John Woolman's Path to the Peaceable Kingdom: A Quaker in the British Empire

John Woolman's Path to the Peaceable Kingdom: A Quaker in the British Empire

John Woolman's Path to the Peaceable Kingdom: A Quaker in the British Empire

John Woolman's Path to the Peaceable Kingdom: A Quaker in the British Empire


The abolitionist John Woolman (1720-72) has been described as a "Quaker saint," an isolated mystic, singular even among a singular people. But as historian Geoffrey Plank recounts, this tailor, hog producer, shopkeeper, schoolteacher, and prominent Quaker minister was very much enmeshed in his local community in colonial New Jersey and was alert as well to events throughout the British Empire. Responding to the situation as he saw it, Woolman developed a comprehensive critique of his fellow Quakers and of the imperial economy, became one of the most emphatic opponents of slaveholding, and helped develop a new form of protest by striving never to spend money in ways that might encourage slavery or other forms of iniquity.

Drawing on the diaries of contemporaries, personal correspondence, the minutes of Quaker meetings, business and probate records, pamphlets, and other sources, John Woolman's Path to the Peaceable Kingdom shows that Woolman and his neighbors were far more engaged with the problems of inequality, trade, and warfare than anyone would know just from reading the Quaker's own writings. Although he is famous as an abolitionist, the end of slavery was only part of Woolman's project. Refusing to believe that the pursuit of self-interest could safely guide economic life, Woolman aimed for a miraculous global transformation: a universal disavowal of greed.


In 1847 the poet John Greenleaf Whittier published a series of essays entitled “Quaker Slaveholding, and How it Was Abolished.” Whittier identified 1742 as a critical year, when “an event, simple and inconsiderable in itself, was made the instrumentality of exerting a mighty influence upon slavery in the Society of Friends.” Some time during that year a shopkeeper in Mount Holly, New Jersey, sold a woman as a slave and asked his clerk to write up the bill of sale.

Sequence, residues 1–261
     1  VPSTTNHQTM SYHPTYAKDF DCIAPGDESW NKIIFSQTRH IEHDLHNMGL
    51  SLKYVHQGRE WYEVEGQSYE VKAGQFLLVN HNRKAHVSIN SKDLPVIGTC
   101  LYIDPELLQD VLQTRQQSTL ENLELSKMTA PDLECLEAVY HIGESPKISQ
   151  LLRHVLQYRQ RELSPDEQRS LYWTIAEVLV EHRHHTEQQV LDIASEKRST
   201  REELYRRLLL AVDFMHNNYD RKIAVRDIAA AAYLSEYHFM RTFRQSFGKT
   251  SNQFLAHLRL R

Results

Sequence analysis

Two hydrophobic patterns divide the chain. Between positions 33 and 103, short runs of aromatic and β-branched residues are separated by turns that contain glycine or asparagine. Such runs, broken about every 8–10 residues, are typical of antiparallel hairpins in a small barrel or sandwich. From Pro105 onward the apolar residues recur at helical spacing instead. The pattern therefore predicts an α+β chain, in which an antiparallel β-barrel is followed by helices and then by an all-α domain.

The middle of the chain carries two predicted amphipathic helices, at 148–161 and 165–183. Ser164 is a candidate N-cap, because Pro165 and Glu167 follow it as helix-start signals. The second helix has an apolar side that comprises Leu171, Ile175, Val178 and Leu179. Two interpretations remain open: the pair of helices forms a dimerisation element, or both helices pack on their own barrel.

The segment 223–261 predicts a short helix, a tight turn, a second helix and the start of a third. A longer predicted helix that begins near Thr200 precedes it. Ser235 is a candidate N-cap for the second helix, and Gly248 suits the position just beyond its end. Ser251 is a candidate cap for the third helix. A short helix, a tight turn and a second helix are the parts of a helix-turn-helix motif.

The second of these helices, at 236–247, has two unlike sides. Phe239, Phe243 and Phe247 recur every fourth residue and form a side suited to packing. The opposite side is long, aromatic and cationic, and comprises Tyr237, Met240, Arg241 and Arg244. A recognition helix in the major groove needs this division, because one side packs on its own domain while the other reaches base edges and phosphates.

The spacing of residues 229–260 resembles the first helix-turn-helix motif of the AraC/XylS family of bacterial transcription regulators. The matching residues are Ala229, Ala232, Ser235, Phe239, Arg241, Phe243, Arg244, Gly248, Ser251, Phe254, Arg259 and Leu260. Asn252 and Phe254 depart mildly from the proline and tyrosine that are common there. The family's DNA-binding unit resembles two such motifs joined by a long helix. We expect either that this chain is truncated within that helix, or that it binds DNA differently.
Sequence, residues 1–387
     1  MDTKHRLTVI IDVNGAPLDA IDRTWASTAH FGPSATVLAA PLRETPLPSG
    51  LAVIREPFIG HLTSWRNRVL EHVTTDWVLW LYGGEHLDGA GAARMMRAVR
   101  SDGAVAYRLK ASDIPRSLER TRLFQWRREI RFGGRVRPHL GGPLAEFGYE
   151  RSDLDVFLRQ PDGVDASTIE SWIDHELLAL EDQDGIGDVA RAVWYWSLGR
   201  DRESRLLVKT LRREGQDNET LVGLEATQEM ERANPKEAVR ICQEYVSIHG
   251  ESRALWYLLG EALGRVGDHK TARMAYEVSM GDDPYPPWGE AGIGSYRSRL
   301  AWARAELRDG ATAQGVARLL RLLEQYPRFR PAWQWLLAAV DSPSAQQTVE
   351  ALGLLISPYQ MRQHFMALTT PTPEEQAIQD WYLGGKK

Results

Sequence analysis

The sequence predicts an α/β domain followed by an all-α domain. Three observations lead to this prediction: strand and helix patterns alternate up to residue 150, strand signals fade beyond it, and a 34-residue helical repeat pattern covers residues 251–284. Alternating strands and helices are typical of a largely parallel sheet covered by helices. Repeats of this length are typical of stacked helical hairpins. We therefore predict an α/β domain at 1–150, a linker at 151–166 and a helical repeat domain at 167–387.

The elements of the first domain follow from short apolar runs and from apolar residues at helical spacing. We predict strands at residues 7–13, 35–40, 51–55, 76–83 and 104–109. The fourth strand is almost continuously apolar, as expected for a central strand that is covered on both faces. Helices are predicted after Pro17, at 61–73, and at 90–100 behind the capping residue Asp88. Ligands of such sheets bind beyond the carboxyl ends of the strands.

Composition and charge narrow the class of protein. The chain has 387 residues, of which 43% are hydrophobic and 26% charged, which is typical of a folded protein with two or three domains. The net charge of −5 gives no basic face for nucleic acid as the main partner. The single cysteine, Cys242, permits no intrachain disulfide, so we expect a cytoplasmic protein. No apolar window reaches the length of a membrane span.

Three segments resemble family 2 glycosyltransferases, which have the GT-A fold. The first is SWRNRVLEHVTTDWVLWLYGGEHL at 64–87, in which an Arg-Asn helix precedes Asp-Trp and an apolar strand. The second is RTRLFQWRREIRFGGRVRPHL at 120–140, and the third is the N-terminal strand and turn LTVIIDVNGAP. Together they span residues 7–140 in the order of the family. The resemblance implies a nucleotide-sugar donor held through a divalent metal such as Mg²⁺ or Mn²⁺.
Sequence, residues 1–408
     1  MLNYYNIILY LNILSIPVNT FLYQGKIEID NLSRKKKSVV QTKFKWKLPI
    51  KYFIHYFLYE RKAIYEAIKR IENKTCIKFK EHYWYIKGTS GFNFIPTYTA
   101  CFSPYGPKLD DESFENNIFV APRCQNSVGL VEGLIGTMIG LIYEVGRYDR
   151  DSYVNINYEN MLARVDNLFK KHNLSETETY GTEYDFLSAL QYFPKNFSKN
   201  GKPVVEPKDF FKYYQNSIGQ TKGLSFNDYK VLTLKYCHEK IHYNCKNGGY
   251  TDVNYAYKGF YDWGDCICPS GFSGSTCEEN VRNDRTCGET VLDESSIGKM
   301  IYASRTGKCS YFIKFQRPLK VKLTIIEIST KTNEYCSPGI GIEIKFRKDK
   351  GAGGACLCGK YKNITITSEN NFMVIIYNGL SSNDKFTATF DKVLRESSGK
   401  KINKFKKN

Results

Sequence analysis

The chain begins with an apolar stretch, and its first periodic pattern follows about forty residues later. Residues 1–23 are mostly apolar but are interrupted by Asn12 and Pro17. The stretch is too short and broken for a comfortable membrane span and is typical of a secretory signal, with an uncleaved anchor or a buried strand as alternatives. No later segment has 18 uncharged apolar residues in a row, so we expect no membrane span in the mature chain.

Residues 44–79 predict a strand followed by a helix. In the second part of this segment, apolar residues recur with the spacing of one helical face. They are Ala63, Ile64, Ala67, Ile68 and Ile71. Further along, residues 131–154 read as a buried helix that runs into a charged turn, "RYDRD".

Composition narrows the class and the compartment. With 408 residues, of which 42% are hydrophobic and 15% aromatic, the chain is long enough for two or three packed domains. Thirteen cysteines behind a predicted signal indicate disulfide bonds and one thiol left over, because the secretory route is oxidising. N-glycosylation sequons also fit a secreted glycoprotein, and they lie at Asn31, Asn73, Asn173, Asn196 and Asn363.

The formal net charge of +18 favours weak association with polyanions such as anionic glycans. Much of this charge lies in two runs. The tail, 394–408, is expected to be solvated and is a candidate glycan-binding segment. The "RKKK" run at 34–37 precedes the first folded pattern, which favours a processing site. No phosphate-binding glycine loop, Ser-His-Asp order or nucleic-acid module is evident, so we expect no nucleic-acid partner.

On taking up his pen, the young clerk felt a sudden and strong scruple
in his mind. the thought of writing an instrument of slavery for one of
his fellow creatures oppressed him. God’s voice against the desecration
of His image spoke in his soul. He yielded to the will of his employer,
but, while writing the instrument, he was constrained to declare, both
to the buyer and the seller, that he believed slavekeeping inconsistent
with the Christian religion. This young man was john woolman.
The circumstance above named was the starting point of a life-long
testimony against slavery.

Whittier’s essays detailed John Woolman’s antislavery work and suggested that he was the most influential opponent of slavery in his era, and indeed that his individual efforts had culminated with the Quakers resolving to denounce slaveholding and the slave trade.

In the decades following 1742, Woolman became one of the most insistent opponents of slavery in the British Empire. He began writing his first antislavery essay, Some Considerations on the Keeping of Negroes, in 1746, but he withheld the piece from publication for several years, apparently waiting until . . .

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